Joan Baez in Manchester

Joan Baez 9

I’d heard the Johnny Cash joke before, but it’s good enough to repeat a few times. Joan Baez at the Bridgewater Hall last night was as wonderful as we’d expected. Joan started by pointing out that it’s now 50 years since she began singing in public, and she’s a little surprised that we still come to hear her sing. Nothing surprising about that, Joan, but count me out from having been a fan that long. I’m just not old enough, and I can’t often say that these days.

In the early seventies it was a given thing to be a Joan Baez fan. It went with all the political stuff at the time, when we were all hopeful it would get better fairly soon. Well, Joan is still singing, and things are different, but not as good as we’d hoped. Christmas in Washington came early in the concert, and feels very relevant right now with the Presidential election and everything. The Swede in me likes the reference to Joe Hill, and for good measure we then got the Joe Hill song immediately after.

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The musicians on this tour are brand new, but they seemed to have things under control, with the possible exception of Joan’s guitar tuning which needed some assistance. She also had one false start, but is so professional that she just laughed and started again. Most other singers let their background musicians take over with a few instrumentals, while they rest their voice. Joan lets the boys rest, while she sings on on her own. Swing Low, Sweet Chariot is magical done by Joan. Not everyone sounds good without backing, but Joan very definitely does.

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Not having an interval, now that the audiences who have hung around for the last 50 years have got older, could be worth reconsidering. I heard one man explaining his weak bladder to the door attendant…  Joan, on the other hand, drank from spotted mugs, which got replaced throughout the concert. Tea?

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“Old age” for Joan means that she still sings ballads, but they no longer have to be sad or have someone dying in them. Her new ballad was a happy one. And the fans are not all old. One very young man approached her halfway through by coming up to the stage and giving her a present, and receiving a kiss in return. Must remember that for future concerts.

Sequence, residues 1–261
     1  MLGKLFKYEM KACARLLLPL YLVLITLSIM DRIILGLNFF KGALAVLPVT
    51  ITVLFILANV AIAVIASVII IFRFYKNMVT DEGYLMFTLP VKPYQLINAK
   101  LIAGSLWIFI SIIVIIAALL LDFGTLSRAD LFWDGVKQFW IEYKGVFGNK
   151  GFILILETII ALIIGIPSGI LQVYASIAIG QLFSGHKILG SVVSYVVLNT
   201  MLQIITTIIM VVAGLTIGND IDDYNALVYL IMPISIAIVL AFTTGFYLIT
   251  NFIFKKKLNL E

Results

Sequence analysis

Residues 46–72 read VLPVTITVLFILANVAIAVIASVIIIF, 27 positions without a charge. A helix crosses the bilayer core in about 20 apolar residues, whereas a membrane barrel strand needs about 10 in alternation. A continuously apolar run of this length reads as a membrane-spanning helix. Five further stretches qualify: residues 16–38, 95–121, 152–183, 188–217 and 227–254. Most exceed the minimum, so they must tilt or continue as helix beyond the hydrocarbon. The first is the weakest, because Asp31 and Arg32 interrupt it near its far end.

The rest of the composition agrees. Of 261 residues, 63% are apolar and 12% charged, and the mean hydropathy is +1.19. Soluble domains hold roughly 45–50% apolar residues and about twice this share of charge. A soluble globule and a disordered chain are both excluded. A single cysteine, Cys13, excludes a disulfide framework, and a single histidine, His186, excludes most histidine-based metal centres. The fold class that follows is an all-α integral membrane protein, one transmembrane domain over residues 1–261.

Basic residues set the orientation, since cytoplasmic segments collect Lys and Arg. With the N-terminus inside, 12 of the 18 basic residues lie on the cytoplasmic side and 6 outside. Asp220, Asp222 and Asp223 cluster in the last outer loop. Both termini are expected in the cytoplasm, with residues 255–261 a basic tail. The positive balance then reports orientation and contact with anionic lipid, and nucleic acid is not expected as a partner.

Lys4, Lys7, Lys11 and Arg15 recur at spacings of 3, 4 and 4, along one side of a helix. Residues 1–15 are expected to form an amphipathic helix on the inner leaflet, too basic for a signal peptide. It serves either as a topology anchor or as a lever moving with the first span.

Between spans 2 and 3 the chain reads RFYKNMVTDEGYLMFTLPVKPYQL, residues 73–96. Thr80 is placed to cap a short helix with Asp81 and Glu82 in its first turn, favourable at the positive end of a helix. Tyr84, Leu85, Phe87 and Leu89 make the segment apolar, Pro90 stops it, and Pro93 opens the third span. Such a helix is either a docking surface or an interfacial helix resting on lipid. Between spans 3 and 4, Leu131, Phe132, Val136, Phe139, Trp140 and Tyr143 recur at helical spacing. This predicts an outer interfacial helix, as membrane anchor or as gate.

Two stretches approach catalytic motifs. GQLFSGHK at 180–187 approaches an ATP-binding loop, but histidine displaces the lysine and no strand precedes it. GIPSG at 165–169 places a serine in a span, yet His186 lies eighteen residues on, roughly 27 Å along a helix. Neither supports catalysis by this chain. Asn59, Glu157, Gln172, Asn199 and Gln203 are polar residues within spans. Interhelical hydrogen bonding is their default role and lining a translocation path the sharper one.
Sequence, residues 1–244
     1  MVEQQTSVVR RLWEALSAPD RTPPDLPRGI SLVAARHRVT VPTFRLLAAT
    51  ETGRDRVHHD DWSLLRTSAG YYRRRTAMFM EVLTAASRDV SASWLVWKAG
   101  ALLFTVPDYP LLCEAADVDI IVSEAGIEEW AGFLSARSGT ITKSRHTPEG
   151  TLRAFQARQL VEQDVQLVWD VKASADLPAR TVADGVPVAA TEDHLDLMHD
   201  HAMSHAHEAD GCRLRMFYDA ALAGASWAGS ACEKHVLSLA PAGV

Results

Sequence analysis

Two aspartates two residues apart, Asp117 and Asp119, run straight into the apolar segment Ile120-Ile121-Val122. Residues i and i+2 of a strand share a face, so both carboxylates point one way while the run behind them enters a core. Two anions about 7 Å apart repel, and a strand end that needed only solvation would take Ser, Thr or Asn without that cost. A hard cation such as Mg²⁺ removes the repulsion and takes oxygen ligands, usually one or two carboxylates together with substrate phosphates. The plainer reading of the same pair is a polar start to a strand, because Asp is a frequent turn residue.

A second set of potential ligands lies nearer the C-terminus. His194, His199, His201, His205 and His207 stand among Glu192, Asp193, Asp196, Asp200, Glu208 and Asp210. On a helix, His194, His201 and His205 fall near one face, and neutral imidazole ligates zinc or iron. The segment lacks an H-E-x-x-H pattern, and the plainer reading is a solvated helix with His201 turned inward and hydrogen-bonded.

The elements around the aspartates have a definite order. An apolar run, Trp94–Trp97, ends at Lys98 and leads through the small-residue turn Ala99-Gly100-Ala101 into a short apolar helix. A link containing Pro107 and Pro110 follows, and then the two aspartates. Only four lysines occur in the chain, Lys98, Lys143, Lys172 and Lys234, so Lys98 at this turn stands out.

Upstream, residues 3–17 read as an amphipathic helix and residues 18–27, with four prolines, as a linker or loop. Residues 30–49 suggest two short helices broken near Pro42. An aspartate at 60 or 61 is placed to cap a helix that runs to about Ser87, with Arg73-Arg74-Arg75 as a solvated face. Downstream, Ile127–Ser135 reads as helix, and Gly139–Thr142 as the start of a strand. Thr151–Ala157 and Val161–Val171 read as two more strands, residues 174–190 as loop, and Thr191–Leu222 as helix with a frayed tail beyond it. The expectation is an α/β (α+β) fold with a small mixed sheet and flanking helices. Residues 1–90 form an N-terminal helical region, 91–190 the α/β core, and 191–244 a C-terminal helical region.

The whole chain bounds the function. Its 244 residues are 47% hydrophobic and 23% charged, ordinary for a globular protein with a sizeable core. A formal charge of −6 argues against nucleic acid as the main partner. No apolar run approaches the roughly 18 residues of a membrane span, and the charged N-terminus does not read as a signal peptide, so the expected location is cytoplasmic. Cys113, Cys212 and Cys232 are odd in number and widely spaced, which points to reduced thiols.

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Another joke, about yoghurt this time. What’s the difference between Turkish yoghurt and America? The yoghurt has a living culture. Well, yes, but while America has Joan Baez, there is hope. She finished far too early, with Jerusalem, which just makes me want to stand up and sing. And no, it’s not that Jerusalem, from the proms.

Joan Baez 6

Two extra songs; Imagine, followed by The Night They Drove Old Dixie Down. Straight back to my teens with that one. Come back soon, Joan.

Meanwhile, check out her website, which is one of the best I’ve seen.

(All photos by H Giles)

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4 responses to “Joan Baez in Manchester

  1. I was bitterly disappointed by this concert for several reasons: the sound engineer had got the balance wrong so the instruments drowned Joan’s voice; the incessant guitar tuning got more and more irritating; and we were home and in bed by 22:10! I’m not a JB fan but when we saw her in 2006 (my first), I had a great time. This time the tickets were a b’day present for my OH, who is a fan, but I feel I wasted my money on a shoddy expensive present I can’t return. I know and her fan base are getting on a bit – but a concert that finishes at 21:00! I didn’t feel as though I’d had a night out. Joan solo was great, but how come London got Thea Gilmore as well

  2. I don’t agree with you about the instruments, but that could be a simple matter of taste, or even sitting somewhere different from you. The tuning was a little weird, but I prefer people to fumble sometimes, rather than too much perfection.

    Like you, I’d have loved an extra half hour. The drawback with having someone else as well, though, tends to be that not only do you have to sit through someone you may not be so keen on, but it’s seen as an invitation for the main act to be shorter still. Many years ago I went to a concert where the audience got so impatient with the one who went first, that they booed him. He departed very upset (he was a big name), and I’ve always felt a bit ashamed, even though it wasn’t me who did the booing.

  3. Did you see the editorial about Baez in the Guardian a few days ago?

  4. Yes, I did. I’m glad to see them writing about her, because Joan Baez is more than just an entertainer. And I don’t know why, but I tend to bracket her with Sara Paretsky. I suppose they are both influential ladies with sensible opinions, who use their singing and writing to spread their thoughts on the state of things.

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